Back in August I posted an article about how “my mural” was to be demolished. On September 16, 2019, the tear-down actually began, and a few days later some local residents and the media figured out what was going on, and finally then there was an outcry. Not enough of one to save the mural, however.
I am grateful to Columbus Alive columnist Scott Woods, who cared enough to write this excellent piece:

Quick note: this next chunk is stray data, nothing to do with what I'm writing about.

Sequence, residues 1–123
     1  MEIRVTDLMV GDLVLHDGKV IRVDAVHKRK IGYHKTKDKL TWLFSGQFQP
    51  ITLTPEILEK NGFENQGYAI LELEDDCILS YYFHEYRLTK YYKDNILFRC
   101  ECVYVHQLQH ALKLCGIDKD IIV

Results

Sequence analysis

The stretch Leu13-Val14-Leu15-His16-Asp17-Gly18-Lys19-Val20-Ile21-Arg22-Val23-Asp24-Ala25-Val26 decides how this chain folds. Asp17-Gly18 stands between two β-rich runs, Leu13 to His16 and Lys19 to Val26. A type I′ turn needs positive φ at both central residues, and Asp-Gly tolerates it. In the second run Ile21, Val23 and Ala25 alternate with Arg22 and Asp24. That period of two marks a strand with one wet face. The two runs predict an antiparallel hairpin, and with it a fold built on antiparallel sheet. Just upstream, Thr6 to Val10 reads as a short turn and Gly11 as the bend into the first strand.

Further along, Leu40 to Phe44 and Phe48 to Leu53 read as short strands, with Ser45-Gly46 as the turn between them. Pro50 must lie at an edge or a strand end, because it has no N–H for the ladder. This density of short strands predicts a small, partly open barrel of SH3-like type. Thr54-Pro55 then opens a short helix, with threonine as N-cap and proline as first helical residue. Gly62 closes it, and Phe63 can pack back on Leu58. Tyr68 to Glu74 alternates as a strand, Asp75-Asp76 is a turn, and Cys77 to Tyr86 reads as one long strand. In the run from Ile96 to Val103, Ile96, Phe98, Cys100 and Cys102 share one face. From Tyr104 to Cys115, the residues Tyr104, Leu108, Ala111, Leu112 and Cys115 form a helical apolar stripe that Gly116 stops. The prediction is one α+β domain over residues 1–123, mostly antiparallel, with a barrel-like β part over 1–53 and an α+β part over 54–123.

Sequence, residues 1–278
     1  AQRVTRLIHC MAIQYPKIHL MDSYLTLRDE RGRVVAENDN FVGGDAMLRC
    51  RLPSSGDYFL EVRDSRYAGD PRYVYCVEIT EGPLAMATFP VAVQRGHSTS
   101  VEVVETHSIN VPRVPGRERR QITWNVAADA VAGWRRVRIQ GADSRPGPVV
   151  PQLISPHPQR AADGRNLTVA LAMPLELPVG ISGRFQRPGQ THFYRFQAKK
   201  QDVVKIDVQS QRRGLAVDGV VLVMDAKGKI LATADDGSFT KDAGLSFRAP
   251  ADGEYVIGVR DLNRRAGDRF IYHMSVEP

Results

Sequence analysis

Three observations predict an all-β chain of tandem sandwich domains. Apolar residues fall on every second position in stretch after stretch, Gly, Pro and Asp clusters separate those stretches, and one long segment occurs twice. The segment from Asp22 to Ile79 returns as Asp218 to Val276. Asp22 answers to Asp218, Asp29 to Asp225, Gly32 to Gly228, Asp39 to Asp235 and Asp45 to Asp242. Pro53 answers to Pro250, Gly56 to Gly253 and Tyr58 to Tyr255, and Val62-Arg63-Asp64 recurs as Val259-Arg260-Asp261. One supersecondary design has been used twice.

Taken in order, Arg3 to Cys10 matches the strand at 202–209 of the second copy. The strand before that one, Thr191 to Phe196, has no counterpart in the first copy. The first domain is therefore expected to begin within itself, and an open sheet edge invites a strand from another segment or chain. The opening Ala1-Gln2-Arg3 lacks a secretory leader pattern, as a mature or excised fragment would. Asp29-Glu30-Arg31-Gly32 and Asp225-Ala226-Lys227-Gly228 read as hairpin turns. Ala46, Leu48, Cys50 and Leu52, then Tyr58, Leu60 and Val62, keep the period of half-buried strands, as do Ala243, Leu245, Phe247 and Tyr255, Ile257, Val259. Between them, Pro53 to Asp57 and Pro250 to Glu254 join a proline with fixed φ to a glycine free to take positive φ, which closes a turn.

Creating the mural (and then later restoring it) devoured years of my life, but I loved the project because so many people passed by while we were working and talked about their memories of the neighborhood. Making this mural actually changed the way I think about art-making, because no painting I’ve made on an easel in my studio ever elicited as rewarding a response as the one we got from the mural, or connected me more strongly to the artwork’s viewers. It was important to make Aminah Robinson’s work large and make it public; we believed we did something positive for Columbus and that it would last forever. We built it to last forever – State Auto paid for the very best materials and we maintained it with expensive UV-protective coatings. State Auto used to be invested in the work, deeply… so much so that I thought they would at least try to save the wall and incorporate it somehow into the new garage design. But something changed after the mural was last restored in 2013. Unique and specific histories like the one told by the mural would clutter up slick new architecture. And as Scott Woods asked in his essay, what does that say about what it means to live in Columbus?